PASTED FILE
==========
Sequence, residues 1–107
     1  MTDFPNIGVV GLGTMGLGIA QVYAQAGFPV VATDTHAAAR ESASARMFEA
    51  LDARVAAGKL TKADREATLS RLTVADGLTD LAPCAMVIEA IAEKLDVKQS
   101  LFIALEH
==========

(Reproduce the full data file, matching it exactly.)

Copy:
Sequence, residues 1–107
     1  MTDFPNIGVV GLGTMGLGIA QVYAQAGFPV VATDTHAAAR ESASARMFEA
    51  LDARVAAGKL TKADREATLS RLTVADGLTD LAPCAMVIEA IAEKLDVKQS
   101  LFIALEH